answers
information in the text

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Agency for Toxic Substances and Disease Registry


Case Studies in Environmental Medicine (CSEM)
Learning
Objectives

Ethylene Glycol and


Propylene Glycol Toxicity

Upon completion of the Ethylene Glycol and Propylene Glycol Toxicity


CSEM, you will be able to

Topic
What is ethylene glycol?

Objectives
Describe the properties of ethylene glycol

Where is ethylene glycol


found?
How are people exposed to
ethylene glycol?

Identify sources of ethylene glycol exposure

Identify the primary route of exposure to ethylene


glycol

What are U.S. standards for


ethylene glycol exposure
levels?

Identify the American Conference of Governmental


Industrial Hygienists (ACGIH) ceiling exposure limit for
ethylene glycol
Identify the U.S. Environmental Protection Agencys
(EPA) guidelines for ethylene glycol in drinking water

What is the Biological Fate


of ethylene glycol?

Describe why individuals with impaired liver function


are more likely to suffer less toxicity but greater
intensity of the initial central nervous system (CNS)
effects caused by ethylene glycol exposure

What are the stages of


ethylene glycol intoxication?

Explain the mechanism of ethylene glycol toxicity


Describe the three stages of ethylene glycol toxicity

What are the physiologic


effects of ethylene glycol
poisoning?
How should patients
exposed to ethylene glycol
be evaluated?

Describe the physiologic effects of ethylene glycol


poisoning

Describe the primary focus of the exposure history


Describe how the actual clinical presentation changes
over time as intoxication evolves

What laboratory tests can


help in evaluating patients
exposed to ethylene glycol?

Identify the abnormal laboratory findings associated


with ethylene glycol poisoning.
List three measurements that can assist with
diagnosis of ethylene glycol poisoning

How should patients


exposed to ethylene glycol
be treated?
What is propylene glycol?

Identify the primary treatment strategy for managing


ethylene glycol poisoning case

Describe the properties and uses of propylene glycol

What instructions should be


given to patients?

Explain advice on self care and follow-up care to


patients who are exposed to ethylene glycol or
propylene glycol

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Agency for Toxic Substances and Disease Registry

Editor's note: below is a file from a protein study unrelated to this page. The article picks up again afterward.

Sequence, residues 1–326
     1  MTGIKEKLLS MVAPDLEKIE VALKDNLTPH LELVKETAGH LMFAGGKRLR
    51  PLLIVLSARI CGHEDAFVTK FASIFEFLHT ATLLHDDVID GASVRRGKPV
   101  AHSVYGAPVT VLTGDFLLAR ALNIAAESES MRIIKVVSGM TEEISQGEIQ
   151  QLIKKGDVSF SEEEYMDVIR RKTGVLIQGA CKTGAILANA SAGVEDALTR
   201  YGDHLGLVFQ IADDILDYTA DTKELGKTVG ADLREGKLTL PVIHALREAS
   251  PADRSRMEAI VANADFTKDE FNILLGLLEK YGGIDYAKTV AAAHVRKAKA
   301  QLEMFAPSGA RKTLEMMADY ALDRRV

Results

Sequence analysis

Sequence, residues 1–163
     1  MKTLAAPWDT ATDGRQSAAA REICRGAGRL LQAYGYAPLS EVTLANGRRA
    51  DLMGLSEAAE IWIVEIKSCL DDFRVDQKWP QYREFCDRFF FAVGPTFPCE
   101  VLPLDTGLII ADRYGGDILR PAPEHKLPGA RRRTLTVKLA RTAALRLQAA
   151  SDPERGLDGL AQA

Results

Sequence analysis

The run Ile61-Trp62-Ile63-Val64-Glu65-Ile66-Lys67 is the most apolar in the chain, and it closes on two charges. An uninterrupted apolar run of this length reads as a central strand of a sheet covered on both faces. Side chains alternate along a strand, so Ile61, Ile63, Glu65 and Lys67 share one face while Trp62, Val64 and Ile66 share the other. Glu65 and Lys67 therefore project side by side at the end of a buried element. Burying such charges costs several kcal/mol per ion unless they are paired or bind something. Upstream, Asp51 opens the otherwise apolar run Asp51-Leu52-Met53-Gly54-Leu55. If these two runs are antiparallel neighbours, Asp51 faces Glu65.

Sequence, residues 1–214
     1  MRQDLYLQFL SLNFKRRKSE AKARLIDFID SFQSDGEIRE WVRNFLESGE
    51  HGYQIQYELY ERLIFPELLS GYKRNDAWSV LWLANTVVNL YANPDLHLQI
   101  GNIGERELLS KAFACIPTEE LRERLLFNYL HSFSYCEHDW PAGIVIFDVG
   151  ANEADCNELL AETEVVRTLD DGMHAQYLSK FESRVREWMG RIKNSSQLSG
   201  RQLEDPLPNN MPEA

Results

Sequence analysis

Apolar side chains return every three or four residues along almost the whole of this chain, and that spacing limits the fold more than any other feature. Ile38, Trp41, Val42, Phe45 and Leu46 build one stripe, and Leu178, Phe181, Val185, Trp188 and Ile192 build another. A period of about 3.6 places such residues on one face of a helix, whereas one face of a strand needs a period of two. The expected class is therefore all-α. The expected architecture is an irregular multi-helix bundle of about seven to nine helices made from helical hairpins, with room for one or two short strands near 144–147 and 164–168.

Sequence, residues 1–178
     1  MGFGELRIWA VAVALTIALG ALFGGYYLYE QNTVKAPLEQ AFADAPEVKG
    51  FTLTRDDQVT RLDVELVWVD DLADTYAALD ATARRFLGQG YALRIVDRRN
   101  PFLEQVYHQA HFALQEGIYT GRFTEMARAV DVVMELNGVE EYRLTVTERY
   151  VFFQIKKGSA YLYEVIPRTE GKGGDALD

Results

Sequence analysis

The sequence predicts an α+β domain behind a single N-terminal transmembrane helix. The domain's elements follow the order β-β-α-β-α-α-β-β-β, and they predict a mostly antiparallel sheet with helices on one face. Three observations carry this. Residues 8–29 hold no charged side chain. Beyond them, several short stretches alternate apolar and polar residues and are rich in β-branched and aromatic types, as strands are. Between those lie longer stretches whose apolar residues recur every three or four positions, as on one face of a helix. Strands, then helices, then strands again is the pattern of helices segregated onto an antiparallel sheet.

Case Studies in Environmental Medicine (CSEM)

Ethylene Glycol and


Propylene Glycol Toxicity

Initial Check
Instructions
Case Study,
First Patient

This Initial Check will help you assess your current knowledge about
ethylene glycol toxicity. To take the Initial Check, read the case below
and then answer the questions that follow.
Disorientation, Ataxia, and Abdominal Symptoms in Visitors to a
Municipal Airport
A 67-year-old man is brought to the Emergency Department (ED) of a
small community hospital where you are the family physician on call.
The patient is experiencing ataxia, dizziness, and vomiting. He is
hyperventilating. On physical examination, the patient appears well
nourished, but agitated and disoriented. There is no odor of ethanol on
his breath.
Vital Signs
The patients vital signs are

blood pressure (BP): 120/80 mm Hg


temperature: 98.5 F
pulse: 80 beats/minute
respirations: 40 breaths/minute

Neurologic examination is otherwise normal with no crucial findings.


There is no nystagmus. Abdominal and cardiorespiratory examinations
are also normal.
Additional Information
The patients friend brought him to the ED. The friend said the patient
complained of dizziness and had begun to vomit late last night. This
morning the patient was hyperventilating and continued to vomit. Both
men are retired pilots who teach at the local airports ground school.
Because two other people had collapsed at the airport that morning and
were taken by ambulance to another hospital, the friend wonders if the
food at the airport cafeteria is responsible. Both he and the patient had
hot dogs and coleslaw, but the friend states that he feels fine.
Results of Lab Tests

blood ethanol and drug screen are negative


arterial blood gases (ABG) results: pH 7.10; PaCO2=20 mm Hg;